An Array of Micro-hollow Surface Dielectric Barrier Discharges for Large-Area Atmospheric-Pressure Surface Treatments
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A robust, commercial micro-hollow plasma source was used to generate atmospheric-pressure plasma, of surface area 18 × 18 mm, in ambient air, nitrogen and argon. An electrode system consisting of 105 micro-hollow surface dielectric barrier discharges was powered by sinusoidal high-voltage at a frequency of 26.7 kHz. The influence of the plasmas on the polycarbonate surface was investigated by means of surface energy measurements and X-ray photoelectron spectroscopy. It emerged that short plasma exposures led to significant increases in surface energy. It is suggested that this may arise out of incorporation of polar groups on the polycarbonate surface. A thermal camera was used to monitor the plasma source surface temperatures for the gases at flow rates ranging from 0 to 5 L/min. It was found that the temperature of the micro-hollow ceramic when operated upon in ambient air decreased significantly from 147 °C at 0 L/min to 49 °C at 5 L/min. In order to investigate further the thermal properties of the plasma, optical emission spectroscopy was employed to monitor the vibrational and rotational temperatures of the plasma generated in ambient air. CCD camera spectroscopic measurements estimated plasma thickness and temperature distribution at high spatial resolution.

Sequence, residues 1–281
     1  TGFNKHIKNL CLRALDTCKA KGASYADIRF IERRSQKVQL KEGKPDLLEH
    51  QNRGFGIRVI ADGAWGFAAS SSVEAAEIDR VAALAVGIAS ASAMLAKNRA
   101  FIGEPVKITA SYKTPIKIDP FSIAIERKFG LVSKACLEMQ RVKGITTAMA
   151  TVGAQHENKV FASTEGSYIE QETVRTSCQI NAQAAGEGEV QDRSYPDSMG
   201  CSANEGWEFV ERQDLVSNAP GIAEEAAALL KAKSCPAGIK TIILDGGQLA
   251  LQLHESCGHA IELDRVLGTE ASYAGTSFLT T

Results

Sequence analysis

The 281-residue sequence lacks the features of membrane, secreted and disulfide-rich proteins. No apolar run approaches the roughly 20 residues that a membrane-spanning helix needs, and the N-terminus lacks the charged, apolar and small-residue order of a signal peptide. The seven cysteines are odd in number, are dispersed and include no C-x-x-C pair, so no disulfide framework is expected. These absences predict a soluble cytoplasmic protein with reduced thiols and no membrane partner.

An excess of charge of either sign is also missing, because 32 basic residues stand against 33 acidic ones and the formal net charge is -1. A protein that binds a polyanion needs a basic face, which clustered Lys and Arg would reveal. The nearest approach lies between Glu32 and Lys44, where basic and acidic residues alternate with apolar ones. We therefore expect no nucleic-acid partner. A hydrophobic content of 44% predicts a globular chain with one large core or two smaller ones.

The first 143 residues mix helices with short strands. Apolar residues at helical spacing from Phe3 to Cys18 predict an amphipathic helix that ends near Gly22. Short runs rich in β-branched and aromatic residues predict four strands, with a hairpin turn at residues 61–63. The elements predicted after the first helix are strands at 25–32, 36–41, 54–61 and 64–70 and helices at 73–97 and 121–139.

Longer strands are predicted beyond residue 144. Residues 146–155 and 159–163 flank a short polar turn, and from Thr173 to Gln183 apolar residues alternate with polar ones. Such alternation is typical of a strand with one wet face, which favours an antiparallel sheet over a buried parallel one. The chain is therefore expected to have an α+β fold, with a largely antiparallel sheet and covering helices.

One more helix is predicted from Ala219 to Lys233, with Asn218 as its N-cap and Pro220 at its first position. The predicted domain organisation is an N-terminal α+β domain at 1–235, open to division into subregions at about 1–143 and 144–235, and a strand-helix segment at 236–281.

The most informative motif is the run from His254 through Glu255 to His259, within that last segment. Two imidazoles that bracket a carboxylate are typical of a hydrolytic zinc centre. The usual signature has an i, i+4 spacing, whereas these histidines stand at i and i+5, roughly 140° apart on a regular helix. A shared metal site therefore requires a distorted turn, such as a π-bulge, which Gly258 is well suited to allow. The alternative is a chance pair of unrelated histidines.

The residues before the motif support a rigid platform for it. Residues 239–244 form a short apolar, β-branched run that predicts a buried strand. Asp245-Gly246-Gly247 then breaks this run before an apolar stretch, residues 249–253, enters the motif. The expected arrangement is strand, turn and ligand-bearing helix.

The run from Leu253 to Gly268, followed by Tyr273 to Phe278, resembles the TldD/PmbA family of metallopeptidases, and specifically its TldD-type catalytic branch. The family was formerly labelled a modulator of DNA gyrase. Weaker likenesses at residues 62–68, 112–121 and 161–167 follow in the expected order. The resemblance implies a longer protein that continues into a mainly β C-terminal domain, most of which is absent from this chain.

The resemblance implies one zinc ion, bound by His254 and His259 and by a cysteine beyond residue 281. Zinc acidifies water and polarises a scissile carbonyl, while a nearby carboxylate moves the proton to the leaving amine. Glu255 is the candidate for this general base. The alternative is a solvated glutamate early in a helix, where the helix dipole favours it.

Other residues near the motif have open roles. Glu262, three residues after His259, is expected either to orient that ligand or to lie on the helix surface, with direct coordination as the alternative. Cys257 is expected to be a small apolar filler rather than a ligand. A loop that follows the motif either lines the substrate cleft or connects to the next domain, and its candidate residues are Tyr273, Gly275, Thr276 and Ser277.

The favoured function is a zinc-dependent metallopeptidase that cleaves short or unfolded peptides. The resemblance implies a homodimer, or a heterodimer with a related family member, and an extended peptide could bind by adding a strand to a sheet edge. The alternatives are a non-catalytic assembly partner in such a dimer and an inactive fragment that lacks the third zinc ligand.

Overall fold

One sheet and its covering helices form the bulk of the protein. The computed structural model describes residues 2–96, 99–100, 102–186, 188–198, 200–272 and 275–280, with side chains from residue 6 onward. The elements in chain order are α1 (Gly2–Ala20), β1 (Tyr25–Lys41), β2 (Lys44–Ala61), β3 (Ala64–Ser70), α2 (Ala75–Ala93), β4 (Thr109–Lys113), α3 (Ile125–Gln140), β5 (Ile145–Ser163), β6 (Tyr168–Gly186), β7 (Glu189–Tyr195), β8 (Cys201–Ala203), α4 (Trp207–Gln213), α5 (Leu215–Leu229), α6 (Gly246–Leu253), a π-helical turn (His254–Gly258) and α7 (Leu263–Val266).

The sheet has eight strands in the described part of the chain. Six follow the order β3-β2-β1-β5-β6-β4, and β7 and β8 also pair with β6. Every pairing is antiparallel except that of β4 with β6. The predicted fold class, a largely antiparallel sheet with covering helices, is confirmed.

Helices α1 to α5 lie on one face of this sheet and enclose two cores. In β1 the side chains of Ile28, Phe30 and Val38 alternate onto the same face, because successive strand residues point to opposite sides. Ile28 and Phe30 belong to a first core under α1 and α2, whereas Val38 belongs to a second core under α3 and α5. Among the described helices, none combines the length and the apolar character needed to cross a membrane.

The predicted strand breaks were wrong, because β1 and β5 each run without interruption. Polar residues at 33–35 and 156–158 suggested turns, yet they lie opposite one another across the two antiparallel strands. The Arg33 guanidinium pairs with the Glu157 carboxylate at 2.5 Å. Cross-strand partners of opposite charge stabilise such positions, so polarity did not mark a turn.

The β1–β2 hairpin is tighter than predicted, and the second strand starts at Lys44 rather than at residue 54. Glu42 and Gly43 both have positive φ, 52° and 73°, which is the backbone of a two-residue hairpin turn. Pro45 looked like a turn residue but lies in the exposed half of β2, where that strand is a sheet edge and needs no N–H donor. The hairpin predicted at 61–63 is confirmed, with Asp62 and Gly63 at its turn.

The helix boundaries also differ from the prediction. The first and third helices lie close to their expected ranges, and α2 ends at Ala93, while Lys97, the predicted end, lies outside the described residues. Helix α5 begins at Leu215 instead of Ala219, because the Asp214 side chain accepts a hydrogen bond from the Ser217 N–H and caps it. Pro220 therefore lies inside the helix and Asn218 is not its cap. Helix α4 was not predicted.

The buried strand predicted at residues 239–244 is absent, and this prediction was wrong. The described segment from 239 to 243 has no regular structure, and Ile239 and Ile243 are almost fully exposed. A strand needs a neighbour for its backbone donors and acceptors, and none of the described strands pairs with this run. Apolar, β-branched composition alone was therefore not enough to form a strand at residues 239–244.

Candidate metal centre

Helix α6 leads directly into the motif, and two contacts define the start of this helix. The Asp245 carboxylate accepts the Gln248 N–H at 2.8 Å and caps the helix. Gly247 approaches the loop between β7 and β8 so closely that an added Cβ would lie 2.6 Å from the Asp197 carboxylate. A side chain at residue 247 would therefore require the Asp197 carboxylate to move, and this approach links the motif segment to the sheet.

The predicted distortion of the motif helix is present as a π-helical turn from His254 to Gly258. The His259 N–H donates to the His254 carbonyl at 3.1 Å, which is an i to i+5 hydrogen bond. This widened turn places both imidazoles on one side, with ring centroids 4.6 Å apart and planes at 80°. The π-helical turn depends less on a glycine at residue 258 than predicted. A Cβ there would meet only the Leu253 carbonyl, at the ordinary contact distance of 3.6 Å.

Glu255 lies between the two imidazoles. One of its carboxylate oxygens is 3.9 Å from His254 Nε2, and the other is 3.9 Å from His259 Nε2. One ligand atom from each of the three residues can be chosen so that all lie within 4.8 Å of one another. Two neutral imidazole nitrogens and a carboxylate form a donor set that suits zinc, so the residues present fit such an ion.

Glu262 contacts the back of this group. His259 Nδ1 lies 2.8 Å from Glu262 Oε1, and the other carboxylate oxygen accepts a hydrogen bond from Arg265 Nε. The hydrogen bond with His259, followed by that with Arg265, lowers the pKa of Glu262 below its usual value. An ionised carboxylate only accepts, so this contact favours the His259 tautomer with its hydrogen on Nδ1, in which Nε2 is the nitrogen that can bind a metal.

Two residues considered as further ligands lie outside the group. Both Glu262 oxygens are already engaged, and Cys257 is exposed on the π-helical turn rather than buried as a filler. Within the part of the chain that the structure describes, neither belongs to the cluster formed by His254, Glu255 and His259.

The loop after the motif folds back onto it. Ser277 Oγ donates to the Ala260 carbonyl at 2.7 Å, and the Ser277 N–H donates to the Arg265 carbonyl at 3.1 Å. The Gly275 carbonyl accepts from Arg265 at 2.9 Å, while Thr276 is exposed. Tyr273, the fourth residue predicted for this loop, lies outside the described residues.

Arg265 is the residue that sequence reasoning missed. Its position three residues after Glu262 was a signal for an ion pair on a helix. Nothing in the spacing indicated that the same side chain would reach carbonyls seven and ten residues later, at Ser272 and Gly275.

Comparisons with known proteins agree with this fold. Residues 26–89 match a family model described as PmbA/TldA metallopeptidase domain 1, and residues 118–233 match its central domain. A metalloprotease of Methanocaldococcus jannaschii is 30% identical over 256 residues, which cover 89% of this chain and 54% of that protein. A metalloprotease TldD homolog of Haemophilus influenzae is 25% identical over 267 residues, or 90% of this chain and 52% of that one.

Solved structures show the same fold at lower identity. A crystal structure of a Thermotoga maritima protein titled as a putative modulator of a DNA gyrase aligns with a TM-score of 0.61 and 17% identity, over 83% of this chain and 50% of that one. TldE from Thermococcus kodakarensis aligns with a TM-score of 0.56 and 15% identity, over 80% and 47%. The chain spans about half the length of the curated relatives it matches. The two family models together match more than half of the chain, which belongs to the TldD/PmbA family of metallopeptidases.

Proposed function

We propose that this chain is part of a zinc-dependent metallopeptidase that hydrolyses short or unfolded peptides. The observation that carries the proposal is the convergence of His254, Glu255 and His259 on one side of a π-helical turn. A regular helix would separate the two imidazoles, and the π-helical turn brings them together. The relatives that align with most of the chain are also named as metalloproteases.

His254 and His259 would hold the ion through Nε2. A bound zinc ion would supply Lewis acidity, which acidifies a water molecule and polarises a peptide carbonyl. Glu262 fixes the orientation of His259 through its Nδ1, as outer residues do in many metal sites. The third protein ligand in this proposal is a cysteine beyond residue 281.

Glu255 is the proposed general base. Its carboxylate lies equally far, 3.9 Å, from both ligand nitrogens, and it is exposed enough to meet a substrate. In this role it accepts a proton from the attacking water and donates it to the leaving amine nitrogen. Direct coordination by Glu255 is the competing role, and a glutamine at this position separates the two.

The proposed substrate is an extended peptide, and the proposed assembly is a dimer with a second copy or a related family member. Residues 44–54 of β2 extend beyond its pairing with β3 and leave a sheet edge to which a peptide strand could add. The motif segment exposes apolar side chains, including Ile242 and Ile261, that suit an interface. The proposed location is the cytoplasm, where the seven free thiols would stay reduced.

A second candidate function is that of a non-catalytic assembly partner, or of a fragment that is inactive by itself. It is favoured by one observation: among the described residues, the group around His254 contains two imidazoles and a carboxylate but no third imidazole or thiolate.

KeywordsMicro-hollow plasma Surface dielectric barrier discharge Ambient air plasma Plasma treatment Polycarbonate surface
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